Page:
Government leaders are still playing the game as well, resorting to protectionism or maintaining their distance from Union. Hungary’s Victor Orban resorted to protectionist policies after his policy of economic enrichment through joining the Eurozone failed. His domestic policies aside, he has retained his presidency through consistent changes int he Constitution and disengaging from the EU’s own policies about democratization of the press and other essential democratic institutions. Orban’s rebuking of the EU may be seen as a rallying point by smaller and more vulnerable states to pursue leaving the EU. Hungary has thus become a sore point for the EU’s ability to enforce its own values and treaties, fuel for eurosceptics’ fears of a Europe that has lost touch with Europeans and infringing on national values.
In the context the times, the 2014 Euro Election will mark the first occasion where EuroSkeptic groups will control nearly 71 seats (25%) in the European Parliament, according to the Telegraph. Martin Schulz (EPP) expressed his need to hear proposals and extremists skeptics have no solutions. These skeptics have manifested their strength through preaching a language of nationalism, xenophobia, and protectionism. “Many people don’t take the Euro Parliament seriously,” said Schulz, who said such attitudes lead to groups, like the Nazi Party, being an elected participant in EU policies. Guy Verhofstedt (ALDE) emphasized the no-solution stance, saying states cannot just hide behind borders to escape the issues.
The major factor in the growth of the EuroRight is the lack any leader to unify the far right parties and eurosceptic leaders into a singular force. They are reduced to advocating at national level and below, where their interests remain local. That may change as more Eurosceptics get elected to the Parliament and they become more coordinated. While leaders like Le Pen and Geert Wilders from the Netherlands show potential, and are drawing more populist groups into the alliance. this alliance will not be strong enough if either the three major parties (EPP, ALDE or SLP) or the Greens form a coalition to govern. Though real political power lies with the national governments on the most important questions, this may have strong implications for the Parliament and Commission’s ability to address the economic crisis.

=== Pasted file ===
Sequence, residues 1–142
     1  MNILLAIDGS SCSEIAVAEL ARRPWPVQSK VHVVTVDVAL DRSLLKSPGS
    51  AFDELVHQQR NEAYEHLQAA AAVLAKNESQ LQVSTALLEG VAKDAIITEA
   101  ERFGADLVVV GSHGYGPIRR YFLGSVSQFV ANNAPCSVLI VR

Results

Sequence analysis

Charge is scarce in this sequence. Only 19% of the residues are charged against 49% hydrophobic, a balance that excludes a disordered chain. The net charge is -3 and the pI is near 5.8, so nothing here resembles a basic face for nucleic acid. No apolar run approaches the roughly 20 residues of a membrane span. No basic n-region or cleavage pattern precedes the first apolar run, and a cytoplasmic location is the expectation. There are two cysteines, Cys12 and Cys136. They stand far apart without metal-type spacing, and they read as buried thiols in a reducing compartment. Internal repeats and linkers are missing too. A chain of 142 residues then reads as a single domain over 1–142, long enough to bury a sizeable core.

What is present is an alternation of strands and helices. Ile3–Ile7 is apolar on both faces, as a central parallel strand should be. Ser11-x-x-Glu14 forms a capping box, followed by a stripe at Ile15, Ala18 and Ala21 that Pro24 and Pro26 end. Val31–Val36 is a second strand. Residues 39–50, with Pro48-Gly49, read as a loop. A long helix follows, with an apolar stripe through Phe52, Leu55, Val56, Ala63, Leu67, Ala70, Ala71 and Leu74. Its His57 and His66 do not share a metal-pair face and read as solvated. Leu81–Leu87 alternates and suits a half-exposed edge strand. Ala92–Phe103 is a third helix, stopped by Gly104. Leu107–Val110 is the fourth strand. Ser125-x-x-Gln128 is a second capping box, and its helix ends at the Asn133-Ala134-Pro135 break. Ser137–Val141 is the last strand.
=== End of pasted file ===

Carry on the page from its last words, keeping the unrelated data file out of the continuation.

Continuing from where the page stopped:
A reality of governance is that the Far Right may demonstrate the first beginnings of popular, loyal opposition to the EU, especially if it continues this movement towards democratization and integration. However, it may also be observed to be just another part of the process by which we create effective democracy. the next president and the various national leaders should be careful about empowering the Far Right, but also excluding them if their movement gets larger. Keller’s strongest point when addressing the Far Right was the need to stand up to them, while others shy away. Standing up to them maybe the strongest weapon to disarm them.